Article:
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Re: Nonsensical byte compiler warning.

From: David Kastrup
Subject: Re: Nonsensical byte compiler warning.
Date: Wed, 04 Apr 2007 12:17:52 +0200
User-agent: Gnus/5.11 (Gnus v5.11) Emacs/22.0.50 (gnu/linux)

Markus Triska <address@hidden> writes:

> David Kastrup <address@hidden> writes:
>> I reported this warning without being able to figure out where it
>> came from, remember?
> Yes, I remember. I also remember that at least 3 other people figured
> it out.

So I am not anyone, after all.

> One of them submitted a patch. Another one couldn't see the problem
> despite having pinpointed the exact location of the call (as you
> suggest that the optimiser report), believing in a "bug in the byte
> compiler".

Probably not anyone, either.

> While the error text can be improved, I find it unjustified to call
> the current behaviour "nonsensical", "plain useless" or "a compiler
> bug". It's a reasonable choice to point to the enclosing defun,

Not regarding the line number.  I disagree strongly.  The name of the
enclosing function is useful.  The line number isn't, except for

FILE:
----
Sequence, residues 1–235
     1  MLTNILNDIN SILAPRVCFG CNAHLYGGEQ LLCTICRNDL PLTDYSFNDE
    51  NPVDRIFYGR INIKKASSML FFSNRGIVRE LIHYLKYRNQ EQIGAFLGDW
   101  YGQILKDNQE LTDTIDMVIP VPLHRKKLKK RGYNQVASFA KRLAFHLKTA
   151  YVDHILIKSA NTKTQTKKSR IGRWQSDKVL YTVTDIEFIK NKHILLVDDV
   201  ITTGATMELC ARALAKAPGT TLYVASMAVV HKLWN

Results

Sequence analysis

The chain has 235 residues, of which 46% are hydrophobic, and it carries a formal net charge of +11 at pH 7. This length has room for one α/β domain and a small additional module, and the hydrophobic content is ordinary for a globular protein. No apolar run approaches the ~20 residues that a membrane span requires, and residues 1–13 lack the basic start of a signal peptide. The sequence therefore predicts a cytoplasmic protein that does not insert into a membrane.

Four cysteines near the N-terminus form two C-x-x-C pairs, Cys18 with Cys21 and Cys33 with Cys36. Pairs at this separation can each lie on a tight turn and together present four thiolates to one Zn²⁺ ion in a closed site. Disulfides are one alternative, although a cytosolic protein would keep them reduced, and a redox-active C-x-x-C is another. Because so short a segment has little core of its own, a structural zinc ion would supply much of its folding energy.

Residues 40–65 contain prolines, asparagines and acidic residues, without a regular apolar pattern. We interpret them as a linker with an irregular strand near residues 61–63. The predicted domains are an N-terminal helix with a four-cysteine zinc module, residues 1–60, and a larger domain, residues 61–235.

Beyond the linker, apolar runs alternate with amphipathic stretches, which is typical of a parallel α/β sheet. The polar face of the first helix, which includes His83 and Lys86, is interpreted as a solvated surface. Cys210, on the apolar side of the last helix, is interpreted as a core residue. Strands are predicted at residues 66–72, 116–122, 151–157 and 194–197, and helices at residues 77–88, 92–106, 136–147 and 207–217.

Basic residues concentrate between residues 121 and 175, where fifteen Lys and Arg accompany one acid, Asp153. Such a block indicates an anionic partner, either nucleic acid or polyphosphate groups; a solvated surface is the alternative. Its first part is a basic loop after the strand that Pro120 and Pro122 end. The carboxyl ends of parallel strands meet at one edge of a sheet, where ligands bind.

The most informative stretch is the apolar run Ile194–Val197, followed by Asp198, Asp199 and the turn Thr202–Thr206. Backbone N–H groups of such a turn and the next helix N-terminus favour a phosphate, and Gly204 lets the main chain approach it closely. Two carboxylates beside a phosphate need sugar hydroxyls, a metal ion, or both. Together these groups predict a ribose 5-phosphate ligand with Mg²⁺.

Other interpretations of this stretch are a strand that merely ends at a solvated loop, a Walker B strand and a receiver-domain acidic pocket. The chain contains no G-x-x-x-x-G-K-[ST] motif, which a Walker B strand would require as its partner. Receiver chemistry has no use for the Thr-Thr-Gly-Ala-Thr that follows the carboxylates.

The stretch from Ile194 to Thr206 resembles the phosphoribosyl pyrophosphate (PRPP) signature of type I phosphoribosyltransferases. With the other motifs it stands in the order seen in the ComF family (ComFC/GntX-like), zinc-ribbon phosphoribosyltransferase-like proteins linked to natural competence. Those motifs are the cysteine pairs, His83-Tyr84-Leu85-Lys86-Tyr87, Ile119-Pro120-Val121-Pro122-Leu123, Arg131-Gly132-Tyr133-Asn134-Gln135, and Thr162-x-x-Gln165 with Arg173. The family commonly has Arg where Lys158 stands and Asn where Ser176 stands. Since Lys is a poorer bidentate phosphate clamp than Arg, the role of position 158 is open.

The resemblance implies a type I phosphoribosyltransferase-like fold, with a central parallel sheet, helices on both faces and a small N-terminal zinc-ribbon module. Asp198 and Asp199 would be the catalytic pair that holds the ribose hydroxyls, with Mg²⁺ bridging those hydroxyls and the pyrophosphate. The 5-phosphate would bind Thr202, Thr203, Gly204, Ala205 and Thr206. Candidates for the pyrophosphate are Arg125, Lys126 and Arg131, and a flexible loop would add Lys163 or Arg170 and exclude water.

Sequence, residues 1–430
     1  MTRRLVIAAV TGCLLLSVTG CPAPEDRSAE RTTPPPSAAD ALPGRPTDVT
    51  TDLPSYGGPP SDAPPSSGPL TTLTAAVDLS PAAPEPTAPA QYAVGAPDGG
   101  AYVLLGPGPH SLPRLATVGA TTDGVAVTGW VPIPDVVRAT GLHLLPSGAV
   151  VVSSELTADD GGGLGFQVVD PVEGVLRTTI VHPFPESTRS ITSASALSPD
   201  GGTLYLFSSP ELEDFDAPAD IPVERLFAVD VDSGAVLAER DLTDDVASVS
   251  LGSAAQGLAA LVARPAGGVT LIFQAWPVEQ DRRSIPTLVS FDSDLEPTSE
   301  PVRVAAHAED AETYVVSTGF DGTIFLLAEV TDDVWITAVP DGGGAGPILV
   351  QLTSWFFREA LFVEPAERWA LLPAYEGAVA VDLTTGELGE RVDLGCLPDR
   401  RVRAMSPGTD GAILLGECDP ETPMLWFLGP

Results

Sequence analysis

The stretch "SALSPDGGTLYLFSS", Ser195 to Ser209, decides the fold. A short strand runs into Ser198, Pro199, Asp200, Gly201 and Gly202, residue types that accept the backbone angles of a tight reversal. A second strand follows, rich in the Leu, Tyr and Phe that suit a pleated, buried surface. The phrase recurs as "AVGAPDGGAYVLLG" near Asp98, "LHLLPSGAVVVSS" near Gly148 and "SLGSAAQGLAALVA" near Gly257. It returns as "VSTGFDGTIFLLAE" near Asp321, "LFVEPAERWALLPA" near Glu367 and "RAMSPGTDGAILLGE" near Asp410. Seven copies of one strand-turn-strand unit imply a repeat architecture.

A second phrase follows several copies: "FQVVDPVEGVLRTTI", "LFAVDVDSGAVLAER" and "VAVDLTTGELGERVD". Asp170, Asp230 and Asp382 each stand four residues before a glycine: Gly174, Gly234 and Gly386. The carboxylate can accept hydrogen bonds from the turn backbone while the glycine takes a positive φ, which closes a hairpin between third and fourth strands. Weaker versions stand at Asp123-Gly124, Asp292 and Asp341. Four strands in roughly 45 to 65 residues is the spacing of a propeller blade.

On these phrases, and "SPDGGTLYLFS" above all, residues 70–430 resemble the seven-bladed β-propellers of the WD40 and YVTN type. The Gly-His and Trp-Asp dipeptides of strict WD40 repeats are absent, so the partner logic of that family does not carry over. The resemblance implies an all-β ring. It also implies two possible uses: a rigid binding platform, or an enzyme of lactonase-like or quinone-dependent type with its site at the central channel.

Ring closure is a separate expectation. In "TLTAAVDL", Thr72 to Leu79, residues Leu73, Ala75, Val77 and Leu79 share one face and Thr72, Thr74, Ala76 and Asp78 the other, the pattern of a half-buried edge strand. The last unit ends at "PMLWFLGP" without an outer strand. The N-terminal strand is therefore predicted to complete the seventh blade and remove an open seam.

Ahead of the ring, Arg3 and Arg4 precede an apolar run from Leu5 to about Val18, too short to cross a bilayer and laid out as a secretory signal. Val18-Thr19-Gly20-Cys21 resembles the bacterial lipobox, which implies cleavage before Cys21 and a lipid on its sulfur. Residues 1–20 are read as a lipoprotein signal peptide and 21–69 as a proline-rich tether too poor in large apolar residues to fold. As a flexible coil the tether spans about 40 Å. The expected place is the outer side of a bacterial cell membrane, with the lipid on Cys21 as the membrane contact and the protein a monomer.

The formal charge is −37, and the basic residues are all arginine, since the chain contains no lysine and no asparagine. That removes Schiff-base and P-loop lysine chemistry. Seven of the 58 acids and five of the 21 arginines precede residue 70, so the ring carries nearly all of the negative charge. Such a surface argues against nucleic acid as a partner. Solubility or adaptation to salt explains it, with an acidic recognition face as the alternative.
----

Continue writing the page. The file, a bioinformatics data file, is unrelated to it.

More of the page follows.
verifying that one is not looking at the wrong file.

But not even for that the reported number is really helpful since it
does not return the line number of the start or end of the defun
(which would give the user the clue that the line number is not
related to the point of error, but rather the function definition),
but rather a line in the function body that is somewhat close to the
actual beginning of the defun.

And that is worse than useless since it suggests that the line number
tries pinpointing some location inside of the function.  Which it

> and if your function has dozens of calls to char-before, there are
> probably graver problems to worry about.

So you are of the opinion that a function that calls any other
function from more than one place is a grave problem, and the byte
compiler is not supposed to be helpful with grave problems?

Sorry, but I can't see how one could consider your points and
conclusions here even remotely tenable.

David Kastrup

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